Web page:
Wednesday, September 17, 2008

Bike News Round Up

Rounding up the news of bicycles:
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New York

Actor Matthew Modine, (Private Joker) is throwing a bicycle event of his own.

Lifestyles of the Green and the Famous

Matthew Modine bicycles, Bono recycles, and Willie Nelson wails for Farm Aid
Actor Matthew Modine (of Showtime’s hit series, Weeds) is taking New Yorkers for a ride on the city’s bike paths with Olympian Sharon Seagrave this Saturday with his Bicycle for a Day event. Advocating for biking, walking, and public-transportation, “it’s a call to action to reduce the carbon footprint and have fun doing it!” The day includes a Luke Haas concert, Robert F. Kennedy, Jr. speaking, and prizes such as Puma “Glow” Bicycles and a Segway.


read more of the article over here.
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Kansas.

An article on Rock Racing in the Kansas City Star.

Rock Racing wants to bring cool to pro cycling
By BILL REITER
The Kansas City Star
ST. CHARLES, Mo. | Fashion mogul and team owner Michael Ball has a unique vision for the future of American cycling, and it goes something like this: Speed, raw competition, tattooed competitors, rock ‘n’ roll and, oh yes, stunning women rolling up to races in tricked out Escalades.

“It’s an extremely hard sell here in the United States,” said Ball, the owner of Rock Racing, which features the “bad boys” of cycling, models and an in-your-face attitude. “When you look at those big sports, specifically baseball, it’s about tradition. So how does one get people involved in bicycle racing here?”

That’s the question facing officials, cyclists, owners and fans as the Tour of Missouri draws to a close today in downtown St. Louis. Cycling may be an exciting sport blending speed, endurance and strategy. But none of that matters if you’re just another fringe sport without enough eyeballs watching what you do.

“There is something of a ceiling out there for cycling as to how far it can go in America,” said Jeff Roake, a host announcer for this week’s tour and cycling expert. “We’re nowhere near that ceiling yet. We’ll never be a ball sport, but if we could be as popular as hockey — that could happen. Lance Armstrong coming back next year will have a huge effect.”


article can be read here
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And in the Guardian, UK's Sports Blog,

Kenya

Kenyan trailblazers turn their talents to cycling
Despite their dominance of distance running, no black African has ever cycled the Tour de France. If Nicholas Leong gets his way, they will soon.

Nderi and Myangi took a while to get used to the new bikes. Photograph: Nicholas Leong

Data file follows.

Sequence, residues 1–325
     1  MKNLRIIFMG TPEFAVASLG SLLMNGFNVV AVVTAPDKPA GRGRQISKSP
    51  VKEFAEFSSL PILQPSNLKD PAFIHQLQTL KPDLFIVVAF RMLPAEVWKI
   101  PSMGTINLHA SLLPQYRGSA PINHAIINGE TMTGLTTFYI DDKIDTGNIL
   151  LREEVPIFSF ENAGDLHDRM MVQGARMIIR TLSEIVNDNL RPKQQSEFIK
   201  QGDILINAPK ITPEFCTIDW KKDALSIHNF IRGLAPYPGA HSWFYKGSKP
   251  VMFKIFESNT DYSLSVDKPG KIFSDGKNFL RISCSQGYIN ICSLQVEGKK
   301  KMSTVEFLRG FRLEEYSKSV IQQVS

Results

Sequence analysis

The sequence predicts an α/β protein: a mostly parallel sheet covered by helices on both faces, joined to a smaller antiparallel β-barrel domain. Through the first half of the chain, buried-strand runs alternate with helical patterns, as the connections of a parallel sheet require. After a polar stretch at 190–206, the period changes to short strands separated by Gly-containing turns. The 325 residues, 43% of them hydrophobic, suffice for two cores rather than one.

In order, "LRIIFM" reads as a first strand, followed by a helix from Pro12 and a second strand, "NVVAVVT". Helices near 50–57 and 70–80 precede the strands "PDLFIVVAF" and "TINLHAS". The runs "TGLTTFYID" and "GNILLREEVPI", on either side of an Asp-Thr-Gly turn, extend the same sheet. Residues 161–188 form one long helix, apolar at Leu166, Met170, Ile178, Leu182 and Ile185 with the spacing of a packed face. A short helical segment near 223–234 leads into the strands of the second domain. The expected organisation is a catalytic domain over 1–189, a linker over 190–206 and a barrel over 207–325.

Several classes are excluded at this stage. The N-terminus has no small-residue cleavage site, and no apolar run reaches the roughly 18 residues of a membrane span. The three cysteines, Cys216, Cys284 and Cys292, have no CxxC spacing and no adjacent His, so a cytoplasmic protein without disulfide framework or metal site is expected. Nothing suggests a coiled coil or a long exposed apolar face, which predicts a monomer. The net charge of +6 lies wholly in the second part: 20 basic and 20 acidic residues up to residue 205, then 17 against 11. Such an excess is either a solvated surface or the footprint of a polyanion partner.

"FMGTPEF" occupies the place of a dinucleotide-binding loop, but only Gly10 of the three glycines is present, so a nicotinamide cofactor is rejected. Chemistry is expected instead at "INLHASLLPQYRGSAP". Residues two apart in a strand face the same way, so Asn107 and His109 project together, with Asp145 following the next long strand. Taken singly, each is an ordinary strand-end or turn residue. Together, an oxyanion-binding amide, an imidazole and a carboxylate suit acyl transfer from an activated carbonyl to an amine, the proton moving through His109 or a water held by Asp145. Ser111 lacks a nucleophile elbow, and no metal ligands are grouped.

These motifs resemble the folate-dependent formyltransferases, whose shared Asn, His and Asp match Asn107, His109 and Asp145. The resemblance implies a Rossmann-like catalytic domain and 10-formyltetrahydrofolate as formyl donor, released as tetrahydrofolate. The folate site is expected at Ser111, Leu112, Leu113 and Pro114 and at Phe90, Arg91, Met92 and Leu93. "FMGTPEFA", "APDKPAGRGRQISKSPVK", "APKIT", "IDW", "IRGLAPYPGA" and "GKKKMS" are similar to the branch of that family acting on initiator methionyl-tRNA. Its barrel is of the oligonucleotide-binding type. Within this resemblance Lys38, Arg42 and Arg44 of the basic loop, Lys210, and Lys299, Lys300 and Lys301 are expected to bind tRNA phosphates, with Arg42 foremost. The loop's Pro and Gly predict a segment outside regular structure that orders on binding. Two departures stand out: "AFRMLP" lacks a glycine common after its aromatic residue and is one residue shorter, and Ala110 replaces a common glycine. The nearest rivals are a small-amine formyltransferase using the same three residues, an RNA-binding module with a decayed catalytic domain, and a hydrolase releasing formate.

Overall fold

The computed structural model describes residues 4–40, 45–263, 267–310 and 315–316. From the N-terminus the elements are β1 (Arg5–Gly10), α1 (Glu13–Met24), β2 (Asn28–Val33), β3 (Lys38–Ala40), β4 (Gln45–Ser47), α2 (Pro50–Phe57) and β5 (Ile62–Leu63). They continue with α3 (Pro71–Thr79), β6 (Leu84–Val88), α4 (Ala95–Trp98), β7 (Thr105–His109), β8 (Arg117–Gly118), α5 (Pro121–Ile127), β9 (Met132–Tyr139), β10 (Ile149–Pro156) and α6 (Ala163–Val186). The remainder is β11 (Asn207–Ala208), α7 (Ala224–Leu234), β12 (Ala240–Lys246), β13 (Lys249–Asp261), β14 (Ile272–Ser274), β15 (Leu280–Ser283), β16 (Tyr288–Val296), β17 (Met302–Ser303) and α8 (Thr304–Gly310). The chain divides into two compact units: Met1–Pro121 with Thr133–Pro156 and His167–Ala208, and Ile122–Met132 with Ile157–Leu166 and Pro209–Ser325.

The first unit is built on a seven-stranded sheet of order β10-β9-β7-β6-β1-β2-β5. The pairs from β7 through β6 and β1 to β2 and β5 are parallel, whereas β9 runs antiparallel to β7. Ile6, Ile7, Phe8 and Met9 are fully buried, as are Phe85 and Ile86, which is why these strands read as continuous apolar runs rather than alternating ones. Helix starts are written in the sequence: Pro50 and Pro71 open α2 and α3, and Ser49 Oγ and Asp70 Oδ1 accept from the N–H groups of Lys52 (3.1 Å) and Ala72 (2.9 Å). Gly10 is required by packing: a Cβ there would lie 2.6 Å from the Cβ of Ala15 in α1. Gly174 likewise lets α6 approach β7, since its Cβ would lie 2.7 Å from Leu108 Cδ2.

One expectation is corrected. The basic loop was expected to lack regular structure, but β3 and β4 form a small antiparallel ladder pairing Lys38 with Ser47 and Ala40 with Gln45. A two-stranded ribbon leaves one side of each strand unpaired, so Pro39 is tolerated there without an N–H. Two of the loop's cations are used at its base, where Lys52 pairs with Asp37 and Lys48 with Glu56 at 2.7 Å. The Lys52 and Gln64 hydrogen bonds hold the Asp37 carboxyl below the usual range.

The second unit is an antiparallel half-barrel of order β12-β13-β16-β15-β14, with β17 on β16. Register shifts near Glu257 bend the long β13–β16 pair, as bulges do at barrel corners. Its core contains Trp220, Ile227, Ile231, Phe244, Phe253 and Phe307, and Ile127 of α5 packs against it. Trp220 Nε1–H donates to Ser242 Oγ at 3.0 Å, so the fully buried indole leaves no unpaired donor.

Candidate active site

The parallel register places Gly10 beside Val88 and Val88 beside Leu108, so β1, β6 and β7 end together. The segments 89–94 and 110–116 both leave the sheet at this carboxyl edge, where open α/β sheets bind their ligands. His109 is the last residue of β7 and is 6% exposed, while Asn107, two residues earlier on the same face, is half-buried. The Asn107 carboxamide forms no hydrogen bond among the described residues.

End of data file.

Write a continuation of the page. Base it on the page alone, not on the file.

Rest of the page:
Sport
Sport blog


Kenyan trailblazers turn their talents to cycling
Despite their dominance of distance running, no black African has ever cycled the Tour de France. If Nicholas Leong gets his way, they will soon


Nderi and Myangi took a while to get used to the new bikes. Photograph: Nicholas Leong

Here's an interesting fact: despite being recognised through their distance running as among the finest endurance athletes on the planet, no Kenyan or Ethiopian has ever ridden the Tour de France. In fact, no Kenyan, Ethiopian or black African of any nation has ever become a professional cyclist.

Team GB's prodigious success in the saddle in Beijing drew a degree of rather measly sniping along these lines. It seems unfair to disparage the achievements of individual athletes, who can only beat the field in front of them. But the fact remains. Africans don't cycle - and for a variety of reasons, mainly to do with habit and tradition, but also things like start-up costs and prohibitively expensive racing technology.

For the first time, however, there is a suggestion this might not always be the case. Last month two amateur Kenyan cyclists, Zakayo Nderi, a shoe-shiner by trade, and Samwel Myangi, a 24-year-old bicycle taxi rider, performed a time trial on the Alpe D'Huez, a blue chip Tour stage finish. This is a serious test: 13.8km at an average gradient of 7.9% with 21 hairpin bends.


more here.
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Chicago

an article on Scram bicycle parts manufacturer in the Chicago Tribune.


Sram shifts gears in bike-parts world
Chicago-based innovator set to sell 40% stake to Lehman unit, eyes expansion

By Jon Van | Special to the Chicago Tribune
September 15, 2008

As some Chicago bicyclists pedal along, they wish their machines rode better.

Stanley Day took that thought a step further. About two decades ago, he wondered why he had to move his hands off the handlebars to shift gears. So, working with some friends, he turned an innovation into a company that has put Chicago back on the map as a powerhouse in two-wheeled locomotion.

This strategy of developing new bike equipment enabled Day to build Sram Corp. into a $500 million-a-year component supplier that is poised for potential expansion. Later this month, Day intends to close a deal to sell a 40 percent minority stake in Sram to Lehman Brothers Merchant Banking for an undisclosed amount.

The privately held company is a serious player in a business that once was dominated by Shimano Inc., a Japanese bike-parts giant that is three times the Chicago firm's size. Sram has grown 15 percent to 20 percent each of the past five years and has been consistently profitable, Day said, but to get to the next level, where it can continue to expand globally while churning out new products, it needs a boost.


read more over here.

5 Comments:

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These events are very motivating. Especially when they are organized by somebody famous like Matthew Modine

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